Diane “Deedee” Davis, B.A., who is Project L/EARN’s Program Director, said the program’s strategies are designed to strengthen the skills of its students in multiple ways. “The hope is that the combination of their unique perspectives with sound training in research statistics and methods, along with exposure to the approaches of a variety of disciplines, and a nurturing professional environment will translate into well-trained, well-connected scholar researchers,” she said.

Putting Students on the Road to Success

Giselle Colorado, B.A., too, saw her education and career prospects strengthened immeasurably by the program. A 24-year-old New Jersey native whose roots are Peruvian and Colombian, Colorado knew by age 12 that she wanted to be a clinical psychologist. “Of course, I didn’t know what that meant. I just knew I wanted to help people,” the Project L/EARN alumna and first-generation college student said. “I always had a plan. I wanted to go straight to grad school after completing Rutgers in 2008. But I didn’t score well on my GRE. The idea that a test score might keep me from achieving a dream...was upsetting.”

Recognizing that some students don’t test well, “we encourage graduate programs to evaluate the total student, including their grades, research paper and experience and letters of recommendation, as well as their test scores,” said Jane Miller, Ph.D., Faculty Director of the program. Project L/EARN also provides alumni with a “road map” on how to apply to graduate school, steering them to courses and books that help improve their test-taking skills, build their confidence, fine-tune the personal essays they write, and identify letter writers from among their faculty mentors so they can compete successfully for acceptance into graduate school. These topics are covered during academic advising workshops taught by co-directors Davis and Miller, which follow the summer training program.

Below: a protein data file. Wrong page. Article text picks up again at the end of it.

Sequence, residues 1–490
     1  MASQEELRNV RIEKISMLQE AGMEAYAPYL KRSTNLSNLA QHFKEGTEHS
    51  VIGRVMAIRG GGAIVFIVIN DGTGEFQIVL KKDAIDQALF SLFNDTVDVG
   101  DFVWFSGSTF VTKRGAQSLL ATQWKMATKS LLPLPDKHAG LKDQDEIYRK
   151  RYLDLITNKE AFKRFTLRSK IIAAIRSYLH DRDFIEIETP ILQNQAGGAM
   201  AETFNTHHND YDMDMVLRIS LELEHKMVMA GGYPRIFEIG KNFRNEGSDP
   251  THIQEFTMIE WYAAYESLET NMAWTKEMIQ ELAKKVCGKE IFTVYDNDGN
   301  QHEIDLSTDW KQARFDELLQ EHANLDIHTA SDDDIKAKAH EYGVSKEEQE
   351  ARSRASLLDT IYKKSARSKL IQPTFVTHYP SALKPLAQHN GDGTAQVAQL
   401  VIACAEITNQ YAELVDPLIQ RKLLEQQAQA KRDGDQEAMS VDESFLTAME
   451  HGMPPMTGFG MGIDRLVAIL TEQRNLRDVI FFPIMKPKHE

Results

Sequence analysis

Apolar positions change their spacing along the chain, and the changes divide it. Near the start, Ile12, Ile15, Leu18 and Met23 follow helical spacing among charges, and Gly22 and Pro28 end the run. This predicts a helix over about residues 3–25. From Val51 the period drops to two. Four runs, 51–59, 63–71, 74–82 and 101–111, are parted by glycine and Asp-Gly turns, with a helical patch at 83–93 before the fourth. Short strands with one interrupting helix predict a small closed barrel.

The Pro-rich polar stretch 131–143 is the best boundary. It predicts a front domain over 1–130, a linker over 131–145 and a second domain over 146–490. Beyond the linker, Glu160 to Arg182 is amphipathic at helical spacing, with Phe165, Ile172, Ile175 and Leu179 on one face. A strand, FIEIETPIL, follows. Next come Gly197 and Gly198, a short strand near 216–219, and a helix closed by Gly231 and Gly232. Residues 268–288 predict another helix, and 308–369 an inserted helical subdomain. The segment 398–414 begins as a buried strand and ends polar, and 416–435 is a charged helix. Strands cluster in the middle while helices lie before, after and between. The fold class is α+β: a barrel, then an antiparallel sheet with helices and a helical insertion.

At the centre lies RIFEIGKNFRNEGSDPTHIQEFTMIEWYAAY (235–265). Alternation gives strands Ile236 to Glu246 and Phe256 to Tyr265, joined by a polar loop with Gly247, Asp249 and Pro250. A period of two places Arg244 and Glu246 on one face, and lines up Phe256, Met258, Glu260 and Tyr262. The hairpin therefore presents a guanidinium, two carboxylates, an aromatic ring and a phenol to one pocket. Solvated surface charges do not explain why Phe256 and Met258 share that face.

Project L/EARN is a rigorous program with a competitive application process. Applicants are required to write five essays, including one apiece for each of three faculty mentors. They choose their faculty mentors from a list provided by the program. Students who join the program complete the equivalent of four college courses over 10 weeks; these courses address research methods, statistics, writing and other topics. Students also attend mandatory lectures and write and present a complete research paper.

“Project L/EARN was so much more than a summer internship,” Colorado said. “It’s been an intensive and inspiring academic prep experience. When I had my interview at Yeshiva University, I was really prepared and not anxious at all.” L/EARN director Deedee Davis had connected her with alumni in her field, who conducted mock interviews so Colorado would know what to expect. She was accepted into the doctoral program at Yeshiva and plans to become a clinical psychologist.

Giving Back to the Program